Liberia’s awful prison conditions lead to jail breaks
When over 200 prisoners broke out of Monrovia Central Prison just before Christmas, some may have felt that the inmates, many of them on remand, were justified in their actions. The prison system in Liberia, which is still recovering from a 14-year civil war that ended in 2003, is notoriously bad, with inmates facing serious overcrowding and brutality from prison officers.
The Liberian government has often been criticized for turning a blind eye to the increasingly poor conditions in prison facilities across the country.
“Facilities at the Monrovia Central Prison are so deplorable that immediately you have been processed … you begin to feel neglected and will even contemplate ending it all in that filthy place,” Victor Toe, who has been in and out of the prison, said.
The National Human Rights Centre of Liberia and the Liberian Red Cross have both expressed dismay at the “outright neglect of people seeking rehabilitation.”
“Poor sanitary conditions in prison cells, coupled with the fact that most of the inmates do not take a bath for days after incarceration and compounded by overcrowding are reasons that should claim the attention of the country and world,” the National Human Rights Centre of Liberia said.
The centre has in the past said it had credible reports that inmates were given one tablespoon of rice per day, made to sleep on bare floors and were even “tortured, humiliated and flogged” by other inmates acting on the instructions of prison guards.
The United Nations Mission in Liberia (UNMIL) says that the conditions in the prisons are due to “logistical and manpower inadequacies” in most detention facilities.
The UN even has Nepalese peacekeepers helping to guard Monrovia Central Prison, where 1,000 inmates are crammed into a facility designed to hold far fewer.
UNMIL was involved in the manhunt for the 200 escapees, firing warning shots into the air as the prisoners ran amok through Monrovia. The peacekeepers are not mandated to fire upon escaping inmates and were largely brushed aside during the mass break-out.
UNMIL Police Commissioner Henrik Stiernblad, who blamed the mass escape on “old structures and security lapses” said that the mission has been attempting to use donor funds to improve the prison system.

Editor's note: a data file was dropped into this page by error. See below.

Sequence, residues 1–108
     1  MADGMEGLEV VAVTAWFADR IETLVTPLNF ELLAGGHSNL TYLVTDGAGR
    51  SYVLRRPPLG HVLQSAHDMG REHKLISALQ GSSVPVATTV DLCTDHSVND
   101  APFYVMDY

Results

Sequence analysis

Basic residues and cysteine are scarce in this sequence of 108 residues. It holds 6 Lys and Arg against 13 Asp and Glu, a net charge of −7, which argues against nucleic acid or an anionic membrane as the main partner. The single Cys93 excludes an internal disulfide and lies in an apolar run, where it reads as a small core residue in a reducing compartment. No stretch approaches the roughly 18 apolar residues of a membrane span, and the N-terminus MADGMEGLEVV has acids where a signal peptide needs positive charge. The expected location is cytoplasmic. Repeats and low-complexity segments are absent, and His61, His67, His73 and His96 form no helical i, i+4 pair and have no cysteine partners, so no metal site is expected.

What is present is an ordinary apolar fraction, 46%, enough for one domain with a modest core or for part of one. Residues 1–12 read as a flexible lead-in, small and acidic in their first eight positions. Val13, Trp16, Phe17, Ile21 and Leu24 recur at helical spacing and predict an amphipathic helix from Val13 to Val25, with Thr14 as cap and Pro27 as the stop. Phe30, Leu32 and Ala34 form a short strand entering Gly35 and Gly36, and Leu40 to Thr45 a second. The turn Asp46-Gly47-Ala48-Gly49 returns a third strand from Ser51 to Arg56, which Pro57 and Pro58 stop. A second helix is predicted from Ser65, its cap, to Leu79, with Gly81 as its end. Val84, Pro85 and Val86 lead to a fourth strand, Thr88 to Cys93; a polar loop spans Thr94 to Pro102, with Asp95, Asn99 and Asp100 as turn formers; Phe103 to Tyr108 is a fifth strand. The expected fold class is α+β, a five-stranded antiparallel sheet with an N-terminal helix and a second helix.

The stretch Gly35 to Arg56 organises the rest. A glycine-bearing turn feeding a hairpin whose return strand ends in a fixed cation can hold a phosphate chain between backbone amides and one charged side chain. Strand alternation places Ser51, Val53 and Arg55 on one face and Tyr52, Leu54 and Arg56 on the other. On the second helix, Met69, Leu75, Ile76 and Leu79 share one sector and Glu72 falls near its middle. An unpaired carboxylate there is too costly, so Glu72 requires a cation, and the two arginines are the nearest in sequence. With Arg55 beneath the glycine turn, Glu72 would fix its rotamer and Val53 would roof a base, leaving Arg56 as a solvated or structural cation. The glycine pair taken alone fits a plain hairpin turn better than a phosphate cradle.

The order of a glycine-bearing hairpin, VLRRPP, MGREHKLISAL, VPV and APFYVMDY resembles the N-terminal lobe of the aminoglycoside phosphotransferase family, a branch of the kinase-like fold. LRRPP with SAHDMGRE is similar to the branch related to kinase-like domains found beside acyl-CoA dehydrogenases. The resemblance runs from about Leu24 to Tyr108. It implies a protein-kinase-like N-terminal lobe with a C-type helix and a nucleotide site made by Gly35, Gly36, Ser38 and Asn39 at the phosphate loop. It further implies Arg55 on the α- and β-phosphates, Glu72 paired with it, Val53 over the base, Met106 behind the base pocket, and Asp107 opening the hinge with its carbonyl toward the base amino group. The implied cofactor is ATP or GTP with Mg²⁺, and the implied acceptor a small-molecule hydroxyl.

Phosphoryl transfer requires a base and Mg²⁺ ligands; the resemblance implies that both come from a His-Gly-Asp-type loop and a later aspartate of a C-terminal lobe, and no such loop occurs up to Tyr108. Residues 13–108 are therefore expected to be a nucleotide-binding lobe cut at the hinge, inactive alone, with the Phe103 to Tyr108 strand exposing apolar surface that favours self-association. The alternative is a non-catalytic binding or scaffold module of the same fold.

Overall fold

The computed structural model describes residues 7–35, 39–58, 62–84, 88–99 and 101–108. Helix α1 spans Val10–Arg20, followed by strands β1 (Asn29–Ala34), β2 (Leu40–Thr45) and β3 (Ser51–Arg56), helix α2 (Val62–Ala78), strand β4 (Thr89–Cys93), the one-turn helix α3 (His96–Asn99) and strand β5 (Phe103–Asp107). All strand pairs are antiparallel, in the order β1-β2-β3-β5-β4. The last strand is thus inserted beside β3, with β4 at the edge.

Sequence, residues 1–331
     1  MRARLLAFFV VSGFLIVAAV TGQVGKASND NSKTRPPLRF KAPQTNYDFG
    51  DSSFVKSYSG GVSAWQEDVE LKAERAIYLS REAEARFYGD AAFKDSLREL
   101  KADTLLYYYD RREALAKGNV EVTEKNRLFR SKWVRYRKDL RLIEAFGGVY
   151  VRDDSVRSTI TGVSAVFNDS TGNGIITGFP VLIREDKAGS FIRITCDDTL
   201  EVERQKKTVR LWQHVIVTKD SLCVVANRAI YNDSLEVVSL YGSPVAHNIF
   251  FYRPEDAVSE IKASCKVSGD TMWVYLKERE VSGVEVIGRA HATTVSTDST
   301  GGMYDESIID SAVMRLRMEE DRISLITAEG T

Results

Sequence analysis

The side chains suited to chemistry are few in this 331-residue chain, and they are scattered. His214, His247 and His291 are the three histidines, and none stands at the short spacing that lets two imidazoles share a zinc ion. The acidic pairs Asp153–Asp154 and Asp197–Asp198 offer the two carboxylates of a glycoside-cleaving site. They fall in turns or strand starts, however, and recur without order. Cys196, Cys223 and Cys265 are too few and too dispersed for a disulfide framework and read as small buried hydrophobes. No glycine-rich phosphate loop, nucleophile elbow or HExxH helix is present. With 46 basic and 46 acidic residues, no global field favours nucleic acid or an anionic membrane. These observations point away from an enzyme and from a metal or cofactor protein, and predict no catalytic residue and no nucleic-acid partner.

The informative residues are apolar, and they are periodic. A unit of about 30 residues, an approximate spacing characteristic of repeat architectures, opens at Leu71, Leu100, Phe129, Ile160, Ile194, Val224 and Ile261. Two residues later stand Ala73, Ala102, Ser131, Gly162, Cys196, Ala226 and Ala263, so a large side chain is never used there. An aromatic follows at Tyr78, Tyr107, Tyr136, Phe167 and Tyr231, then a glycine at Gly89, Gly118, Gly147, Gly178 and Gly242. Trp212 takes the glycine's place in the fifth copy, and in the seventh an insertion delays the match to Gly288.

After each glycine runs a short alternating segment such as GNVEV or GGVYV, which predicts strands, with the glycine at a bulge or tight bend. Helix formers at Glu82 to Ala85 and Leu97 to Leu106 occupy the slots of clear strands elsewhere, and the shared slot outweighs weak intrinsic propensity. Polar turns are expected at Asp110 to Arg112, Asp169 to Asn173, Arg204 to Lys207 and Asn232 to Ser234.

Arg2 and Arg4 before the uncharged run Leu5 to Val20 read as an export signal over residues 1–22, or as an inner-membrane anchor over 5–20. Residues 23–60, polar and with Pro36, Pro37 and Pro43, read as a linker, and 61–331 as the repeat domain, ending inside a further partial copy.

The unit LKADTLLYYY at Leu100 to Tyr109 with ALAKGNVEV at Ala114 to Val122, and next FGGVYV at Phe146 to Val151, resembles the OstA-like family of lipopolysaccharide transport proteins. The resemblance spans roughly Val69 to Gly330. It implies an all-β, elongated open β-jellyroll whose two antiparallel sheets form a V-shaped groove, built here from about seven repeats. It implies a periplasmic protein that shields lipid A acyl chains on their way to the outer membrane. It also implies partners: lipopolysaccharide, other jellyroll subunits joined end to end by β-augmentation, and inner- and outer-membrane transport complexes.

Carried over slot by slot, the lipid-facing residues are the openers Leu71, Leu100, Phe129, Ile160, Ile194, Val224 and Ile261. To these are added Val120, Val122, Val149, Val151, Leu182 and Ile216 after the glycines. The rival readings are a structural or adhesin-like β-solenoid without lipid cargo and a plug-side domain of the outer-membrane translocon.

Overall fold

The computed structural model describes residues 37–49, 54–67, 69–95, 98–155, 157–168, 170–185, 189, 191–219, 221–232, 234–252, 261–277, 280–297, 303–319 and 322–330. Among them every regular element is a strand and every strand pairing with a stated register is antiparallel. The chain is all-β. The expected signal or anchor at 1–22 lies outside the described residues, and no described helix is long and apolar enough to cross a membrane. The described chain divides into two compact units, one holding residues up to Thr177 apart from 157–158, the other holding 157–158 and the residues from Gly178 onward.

But there seems to be a long way to go.
“Generally, prisons are meant to help rehabilitate people who have committed crimes with a view to correct their shortcomings and once more become useful citizens but this is not the case in Liberian prisons,” said Francis Togba, who served a five-month term for assault on an 18-year-old girl in 2005.
Togba, a high school graduate, said: “Most inmates have given up hope of ever gaining their release and are gradually adapting to the horrible and harsh conditions in dilapidated Liberian prisons.”
Delays in the prosecution of cases is not helping the situation, and this was believed to have been one of the reasons behind December’s jail break.
Many of those who escaped had been awaiting trial for long periods of time and apparently decided they wanted to return home to their families for Christmas.
A delegation of the African Commission on Human and People’s Rights has urged the government of President Ellen Johnson-Sirleaf to seriously address the question of speedy trials for the accused.
The commission visited several prisons, pointing to what it termed the “deplorable and humiliating conditions of the prisons they visited, especially the Monrovia Central Prison.”
The Ministry of Justice responded by saying it was “doing everything within its power to improve facilities in keeping with international standards.”
But residents in Monrovia who were terrorized by the escapees, some of whom remain at large, disagree that the government is doing enough.
“Until the government takes corrective measures … to ensure speedy trials of cases as well as improve the deplorable conditions in prisons, mass prisoner escapes will continue unabated,” said John Mensah, a Ghanaian fisherman from a nearby community.
Source: The Earth Times